Everyone has television in their own home. It cannot be turned up beyond a certain level without it becoming impossible to hear. We are regulating where we have to; namely, for noisy entertainments, late-night refreshment, fire safety grounds, and so forth.

But the noble Baroness, Lady Buscombe, and the noble Lord, Redesdale, are saying that the very showing of television—especially the showing of football matches—could give rise to disorder, particularly where alcohol is being sold. I do not deny that.

But the solution is not licensing the showing of television. Televisions are on in the background in pubs all the time, I am sorry to say—with the admirable and notable exception of JD Wetherspoon, which is not the brewery of the noble Lord, Lord Hodgson—and we would not want to license them merely because on occasion football is shown and may give rise to disorder.

The solution to disorder arising from the showing of television is by imposing conditions on alcohol licences, not by increasing the regulation of the showing of television itself.

TV of course already needs a licence - And

I repeat our strong belief that the correct way to deal with this issue is by placing conditions on a licence and ensuring that if a licensee permits disorder and noise nuisance on his premises he will face a review of his licence, and it will therefore be in his interests to maintain an orderly public house. However, in view of what ACPO has stated, we shall talk to it again about this matter. I believe that there is a misunderstanding here.

I think that I understand alright - And then back again on sporting matters.

Lord Davies of Oldham: -
We believe that the events should continue to be licensed because only regulation through such a system can ensure public safety and prevent public nuisance and crime and disorder. To exclude indoor sporting events without proper justification would lead to serious problems.-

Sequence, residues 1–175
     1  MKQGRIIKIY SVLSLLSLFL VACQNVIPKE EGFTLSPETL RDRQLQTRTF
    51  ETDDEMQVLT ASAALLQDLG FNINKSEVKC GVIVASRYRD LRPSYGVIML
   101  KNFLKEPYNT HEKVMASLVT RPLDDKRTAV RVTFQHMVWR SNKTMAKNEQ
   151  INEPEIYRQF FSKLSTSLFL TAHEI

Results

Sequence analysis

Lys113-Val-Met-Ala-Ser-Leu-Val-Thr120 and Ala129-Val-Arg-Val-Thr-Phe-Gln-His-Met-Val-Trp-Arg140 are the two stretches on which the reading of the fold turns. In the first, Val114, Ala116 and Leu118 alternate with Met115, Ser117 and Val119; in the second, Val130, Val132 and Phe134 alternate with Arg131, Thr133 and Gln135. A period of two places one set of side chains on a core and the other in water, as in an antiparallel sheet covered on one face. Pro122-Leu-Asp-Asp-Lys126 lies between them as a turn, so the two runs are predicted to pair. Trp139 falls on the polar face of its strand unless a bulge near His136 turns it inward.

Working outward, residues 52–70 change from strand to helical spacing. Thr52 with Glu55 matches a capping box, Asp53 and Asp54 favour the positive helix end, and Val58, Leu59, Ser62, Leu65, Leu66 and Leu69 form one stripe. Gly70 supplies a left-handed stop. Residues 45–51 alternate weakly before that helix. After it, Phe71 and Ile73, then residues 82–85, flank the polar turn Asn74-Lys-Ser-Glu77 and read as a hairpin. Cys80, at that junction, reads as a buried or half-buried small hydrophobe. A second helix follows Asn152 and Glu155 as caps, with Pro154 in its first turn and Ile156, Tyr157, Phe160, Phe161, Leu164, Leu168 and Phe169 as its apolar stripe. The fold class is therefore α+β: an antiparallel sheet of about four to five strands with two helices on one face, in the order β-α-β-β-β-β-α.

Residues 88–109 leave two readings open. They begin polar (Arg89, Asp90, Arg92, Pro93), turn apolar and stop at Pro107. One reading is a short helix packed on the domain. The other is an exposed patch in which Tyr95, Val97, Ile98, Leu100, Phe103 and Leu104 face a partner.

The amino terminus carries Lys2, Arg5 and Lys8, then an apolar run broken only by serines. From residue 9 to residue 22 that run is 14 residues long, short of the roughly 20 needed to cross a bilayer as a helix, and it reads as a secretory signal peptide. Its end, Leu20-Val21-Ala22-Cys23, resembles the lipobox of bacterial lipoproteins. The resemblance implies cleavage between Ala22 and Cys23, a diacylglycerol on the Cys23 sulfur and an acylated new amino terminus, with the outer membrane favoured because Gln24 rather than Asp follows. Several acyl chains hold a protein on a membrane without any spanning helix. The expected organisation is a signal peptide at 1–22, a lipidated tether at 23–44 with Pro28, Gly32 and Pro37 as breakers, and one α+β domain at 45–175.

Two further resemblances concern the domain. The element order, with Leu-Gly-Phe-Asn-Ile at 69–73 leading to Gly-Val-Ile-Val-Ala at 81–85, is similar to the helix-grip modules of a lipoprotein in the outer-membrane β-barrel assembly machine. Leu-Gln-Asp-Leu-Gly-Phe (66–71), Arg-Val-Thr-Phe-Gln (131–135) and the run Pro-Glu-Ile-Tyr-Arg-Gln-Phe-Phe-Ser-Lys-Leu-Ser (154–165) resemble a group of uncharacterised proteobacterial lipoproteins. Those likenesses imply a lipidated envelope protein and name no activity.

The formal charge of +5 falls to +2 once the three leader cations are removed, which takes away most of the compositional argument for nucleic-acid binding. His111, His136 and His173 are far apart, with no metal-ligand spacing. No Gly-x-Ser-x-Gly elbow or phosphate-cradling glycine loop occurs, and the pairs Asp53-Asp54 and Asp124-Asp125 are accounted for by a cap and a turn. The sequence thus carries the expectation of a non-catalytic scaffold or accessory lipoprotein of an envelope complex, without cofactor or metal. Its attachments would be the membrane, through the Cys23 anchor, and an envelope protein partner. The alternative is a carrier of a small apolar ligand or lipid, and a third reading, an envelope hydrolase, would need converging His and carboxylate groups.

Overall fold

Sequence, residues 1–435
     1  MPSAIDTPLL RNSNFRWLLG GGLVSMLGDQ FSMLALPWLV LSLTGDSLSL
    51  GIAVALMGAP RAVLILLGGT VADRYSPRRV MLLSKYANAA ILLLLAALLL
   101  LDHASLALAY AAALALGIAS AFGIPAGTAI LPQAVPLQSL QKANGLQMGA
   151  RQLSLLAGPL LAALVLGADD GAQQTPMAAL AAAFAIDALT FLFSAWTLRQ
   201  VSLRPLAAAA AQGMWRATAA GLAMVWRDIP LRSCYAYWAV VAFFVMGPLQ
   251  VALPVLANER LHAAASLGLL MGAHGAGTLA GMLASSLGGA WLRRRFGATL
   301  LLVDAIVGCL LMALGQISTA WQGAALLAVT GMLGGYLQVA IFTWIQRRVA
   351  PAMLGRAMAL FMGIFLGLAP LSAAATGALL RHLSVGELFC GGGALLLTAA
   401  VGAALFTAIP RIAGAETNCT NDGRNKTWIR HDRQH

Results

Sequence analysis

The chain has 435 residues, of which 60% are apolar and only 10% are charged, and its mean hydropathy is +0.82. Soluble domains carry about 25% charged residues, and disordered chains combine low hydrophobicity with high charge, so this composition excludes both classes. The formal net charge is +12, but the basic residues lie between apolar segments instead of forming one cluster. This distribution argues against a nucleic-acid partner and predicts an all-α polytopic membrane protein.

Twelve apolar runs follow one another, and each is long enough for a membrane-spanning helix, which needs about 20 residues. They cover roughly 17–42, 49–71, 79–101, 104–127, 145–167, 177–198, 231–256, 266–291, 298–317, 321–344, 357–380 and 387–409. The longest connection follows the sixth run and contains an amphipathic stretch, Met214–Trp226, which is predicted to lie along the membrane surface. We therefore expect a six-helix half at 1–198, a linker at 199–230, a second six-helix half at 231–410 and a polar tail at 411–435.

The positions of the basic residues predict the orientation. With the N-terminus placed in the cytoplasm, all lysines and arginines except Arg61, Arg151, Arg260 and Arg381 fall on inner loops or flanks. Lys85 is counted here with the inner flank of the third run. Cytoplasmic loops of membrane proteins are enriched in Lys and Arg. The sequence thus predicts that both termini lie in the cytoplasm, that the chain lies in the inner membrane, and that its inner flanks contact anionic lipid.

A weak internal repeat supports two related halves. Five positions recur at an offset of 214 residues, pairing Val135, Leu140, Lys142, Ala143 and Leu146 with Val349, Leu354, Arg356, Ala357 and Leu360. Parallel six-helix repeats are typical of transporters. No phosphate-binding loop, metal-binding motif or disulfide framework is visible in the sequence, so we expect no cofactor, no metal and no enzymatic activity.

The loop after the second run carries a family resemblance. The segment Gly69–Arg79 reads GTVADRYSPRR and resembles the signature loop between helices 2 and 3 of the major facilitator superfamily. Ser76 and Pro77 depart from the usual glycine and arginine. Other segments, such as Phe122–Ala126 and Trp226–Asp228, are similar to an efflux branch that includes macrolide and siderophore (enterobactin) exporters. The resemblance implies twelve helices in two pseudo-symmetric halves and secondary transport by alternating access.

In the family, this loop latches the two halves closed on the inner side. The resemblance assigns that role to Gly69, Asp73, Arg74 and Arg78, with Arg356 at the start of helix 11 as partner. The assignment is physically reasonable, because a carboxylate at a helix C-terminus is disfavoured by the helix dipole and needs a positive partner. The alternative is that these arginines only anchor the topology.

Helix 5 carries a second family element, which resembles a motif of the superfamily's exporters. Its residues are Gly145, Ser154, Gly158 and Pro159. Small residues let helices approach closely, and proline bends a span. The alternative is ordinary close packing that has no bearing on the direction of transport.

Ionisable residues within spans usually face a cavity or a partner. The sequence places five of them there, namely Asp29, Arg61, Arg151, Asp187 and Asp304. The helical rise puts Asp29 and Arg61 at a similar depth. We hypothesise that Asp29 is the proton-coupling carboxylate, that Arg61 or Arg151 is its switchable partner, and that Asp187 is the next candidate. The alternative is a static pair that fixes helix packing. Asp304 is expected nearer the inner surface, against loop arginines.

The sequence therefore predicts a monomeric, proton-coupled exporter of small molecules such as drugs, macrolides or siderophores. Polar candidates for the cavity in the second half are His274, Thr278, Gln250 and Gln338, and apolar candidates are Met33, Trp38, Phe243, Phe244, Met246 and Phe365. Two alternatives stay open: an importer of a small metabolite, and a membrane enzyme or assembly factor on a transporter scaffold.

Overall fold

And

No. We are concerned with events that generate a significant audience involving public safety and health and different from the normal licensing operation governing the pub.

On another issue.

Lord Redesdale: I apologise to the Minister for interrupting at this point. I have a particular question that he may be able to answer now. If a dance floor is already in a venue but is not used for that purpose, does the physical presence of the dance floor mean that an official could say that the premises must be licensed, or does the dance floor have to be removed?

That question has been raised by the industry, because the financial provision of pubs will be affected. What is a dance floor?

Lord McIntosh of Haringey: I come to the third part of the argument, because we need to consider the matter as a whole. I refer to the availability of licences. One is not going to have a dance floor in a nightclub unless one is proposing to dance, and one is not going to dance except to music—at least, not in my experience.

Any licensed premises, such as a nightclub or pub, which is selling alcohol, is going to have an alcohol licence to start with. At the same time as applying for its alcohol licence, and at no extra charge, it will be able to apply for an entertainment licence.

As I have made clear, the judgment on the entertainment licence will not be made on the basis that the music is live or recorded, or amplified or not amplified.

It will be made on whether an audience is present that needs to be protected on the grounds of public safety, and whether protection is needed for those who live around.

The conditions that will be applied to the licence relate not to whether it is live or recorded or amplified or not amplified but to whether health and safety and public safety requirements are met by the premises and by the emission of noise and other disturbance from the premises.

In other words, they could be controlled in terms of the numbers of decibels, such as a requirement for a lower level of noise later at night. All those matters can be dealt with in the conditions of the individual licence.

This will give a little of the flavour of the difficulties the Government's side are having, in trying to maintain any logical basis for their measures. ……….There is more.